The world’s biggest operator in terms of revenue and arguably the most important bellwether of the global carrier market, demonstrated Tuesday that telecoms might not be as resistant to the economic downturn as everyone thought.

Vodafone reported a 34 per cent drop in profits for the first half of the year, to £2.17bn, while revenues climbed 17.1 per cent on an historical basis and 0.9 per cent on an organic basis to £19.9bn.

The results were better than analysts expected, but most industry watchers pointed out a the Big V’s warning that its full year underlying revenues are expected to be about £1bn lower than expected three months ago.

Industry analyst IDC’s John Delaney notes however that Voda CEO Vittorio Colao is promising cost savings of £1bn on average per year, over three years, reiterating a profit forecast of £11bn to £11.5bn. Sigh of relief.

“It could have been worse. But a fall of about 2.5 per cent in the revenue forecast is still pretty worrying,” said Delaney. “It’s one of the biggest indications so far that, contrary to the prevailing consensus, telecoms is not immune to damage from the consumer downturn.”

The analyst highlights prepaid as the most problematic area in the consumer downturn, because end users can reduce spend on a prepaid SIM as much as they need to. “In Europe, and other markets where the calling party pays, you can actually reduce your spend to zero without depriving yourself of telecoms. Your phone can still receive incoming calls,” Delaney said.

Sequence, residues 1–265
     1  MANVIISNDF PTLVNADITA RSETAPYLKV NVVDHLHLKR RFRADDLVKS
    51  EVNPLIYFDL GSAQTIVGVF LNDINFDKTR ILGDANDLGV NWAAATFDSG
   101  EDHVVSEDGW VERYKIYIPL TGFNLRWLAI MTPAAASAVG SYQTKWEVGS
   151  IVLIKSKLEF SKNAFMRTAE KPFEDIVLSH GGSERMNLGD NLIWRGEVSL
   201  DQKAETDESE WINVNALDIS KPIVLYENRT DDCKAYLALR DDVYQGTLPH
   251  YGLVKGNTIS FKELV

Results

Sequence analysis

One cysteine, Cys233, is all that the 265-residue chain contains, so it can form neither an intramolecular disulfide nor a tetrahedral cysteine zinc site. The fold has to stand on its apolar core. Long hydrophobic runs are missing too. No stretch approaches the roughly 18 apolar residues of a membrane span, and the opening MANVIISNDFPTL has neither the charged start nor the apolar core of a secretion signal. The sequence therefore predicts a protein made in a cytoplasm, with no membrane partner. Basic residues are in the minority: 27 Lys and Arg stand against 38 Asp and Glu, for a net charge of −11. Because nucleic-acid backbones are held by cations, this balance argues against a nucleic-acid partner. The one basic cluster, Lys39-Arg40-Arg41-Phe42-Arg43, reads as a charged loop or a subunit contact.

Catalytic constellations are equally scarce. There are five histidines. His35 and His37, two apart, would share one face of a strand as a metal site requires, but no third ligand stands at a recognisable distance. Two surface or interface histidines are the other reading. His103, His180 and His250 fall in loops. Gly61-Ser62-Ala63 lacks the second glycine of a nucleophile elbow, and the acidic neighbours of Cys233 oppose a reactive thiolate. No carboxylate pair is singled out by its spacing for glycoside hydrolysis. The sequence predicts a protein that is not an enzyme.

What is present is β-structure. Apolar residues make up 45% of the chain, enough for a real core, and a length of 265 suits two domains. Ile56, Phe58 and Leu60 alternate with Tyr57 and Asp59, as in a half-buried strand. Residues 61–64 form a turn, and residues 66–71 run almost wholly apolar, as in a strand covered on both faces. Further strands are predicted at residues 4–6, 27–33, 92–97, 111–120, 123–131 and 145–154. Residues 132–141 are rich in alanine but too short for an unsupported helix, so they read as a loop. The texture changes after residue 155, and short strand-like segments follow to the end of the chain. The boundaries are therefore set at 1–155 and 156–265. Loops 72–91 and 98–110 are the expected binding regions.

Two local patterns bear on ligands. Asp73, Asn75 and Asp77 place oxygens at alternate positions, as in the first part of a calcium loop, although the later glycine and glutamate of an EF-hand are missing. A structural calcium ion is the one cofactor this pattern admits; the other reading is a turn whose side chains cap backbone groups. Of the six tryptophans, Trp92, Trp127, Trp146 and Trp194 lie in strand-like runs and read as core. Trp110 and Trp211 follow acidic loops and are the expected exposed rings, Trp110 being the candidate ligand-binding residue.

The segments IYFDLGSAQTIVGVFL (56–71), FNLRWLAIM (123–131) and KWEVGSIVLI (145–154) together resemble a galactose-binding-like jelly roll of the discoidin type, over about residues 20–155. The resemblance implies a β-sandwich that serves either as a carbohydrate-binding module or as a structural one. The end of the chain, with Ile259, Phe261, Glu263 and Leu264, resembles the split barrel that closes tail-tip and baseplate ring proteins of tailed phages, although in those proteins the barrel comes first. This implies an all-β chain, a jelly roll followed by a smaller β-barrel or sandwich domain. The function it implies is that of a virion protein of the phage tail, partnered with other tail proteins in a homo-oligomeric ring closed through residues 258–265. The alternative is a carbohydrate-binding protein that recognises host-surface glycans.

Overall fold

Vodafone reported that group voice revenue for the six month period declined 4.3 per cent on an organic basis, hit particularly hard by roaming revenue losses, which declined 11.8 per cent on an organic basis to £700m.

Messaging revenue grew by 1.4 per cent and data revenue increased 23.5 per cent on an organic basis, largely thanks to the increased penetration of PC connectivity devices and mobile email applications. The number of customers connected by handheld enterprise devices and mobile PC devices grew from 3.6 million at the end of September 2007 to 6.8 million at September 30, 2008.

The operator’s subscriber base increased from 269 million at the end of June to 279.5 million at the end of September and consists of around 83 per cent prepaid users.

Michael Kovacocy, European telecoms analyst and sector strategist at Daiwa Institute of Research, commented that whilst Colao has stated that he will cut operating costs by £1bn per annum by 2011, “The magnitude of top-line weakness may call into question the ability to offset such a material hit to the top-line in so short a space of time.”

With Vodafone citing competition, regulation and the economy as drivers of its revenue guidance decrease, and stating that conditions in Europe continue to be ‘challenging’, Kovacocy believse these results and guidance underline the vulnerability of the mobile-centric business model. “Vodafone will have to manage an increasingly soft top-line in a mature European mobile market where it has significant exposure – where delivery of cost-control is the name of the game,” he said.